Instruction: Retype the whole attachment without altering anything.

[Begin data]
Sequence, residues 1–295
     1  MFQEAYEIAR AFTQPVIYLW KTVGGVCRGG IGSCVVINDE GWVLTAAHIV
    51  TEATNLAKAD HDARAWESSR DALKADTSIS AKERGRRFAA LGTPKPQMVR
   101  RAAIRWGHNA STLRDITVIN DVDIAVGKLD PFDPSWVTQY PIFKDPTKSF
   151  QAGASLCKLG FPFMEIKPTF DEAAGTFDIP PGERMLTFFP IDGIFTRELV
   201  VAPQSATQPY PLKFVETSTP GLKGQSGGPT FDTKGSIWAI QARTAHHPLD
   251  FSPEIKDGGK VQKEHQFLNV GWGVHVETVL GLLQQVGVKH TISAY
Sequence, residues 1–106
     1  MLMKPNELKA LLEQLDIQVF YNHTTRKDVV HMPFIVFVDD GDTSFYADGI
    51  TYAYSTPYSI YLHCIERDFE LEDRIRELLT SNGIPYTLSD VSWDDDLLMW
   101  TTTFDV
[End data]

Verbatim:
Sequence, residues 1–295
     1  MFQEAYEIAR AFTQPVIYLW KTVGGVCRGG IGSCVVINDE GWVLTAAHIV
    51  TEATNLAKAD HDARAWESSR DALKADTSIS AKERGRRFAA LGTPKPQMVR
   101  RAAIRWGHNA STLRDITVIN DVDIAVGKLD PFDPSWVTQY PIFKDPTKSF
   151  QAGASLCKLG FPFMEIKPTF DEAAGTFDIP PGERMLTFFP IDGIFTRELV
   201  VAPQSATQPY PLKFVETSTP GLKGQSGGPT FDTKGSIWAI QARTAHHPLD
   251  FSPEIKDGGK VQKEHQFLNV GWGVHVETVL GLLQQVGVKH TISAY
Sequence, residues 1–106
     1  MLMKPNELKA LLEQLDIQVF YNHTTRKDVV HMPFIVFVDD GDTSFYADGI
    51  TYAYSTPYSI YLHCIERDFE LEDRIRELLT SNGIPYTLSD VSWDDDLLMW
   101  TTTFDV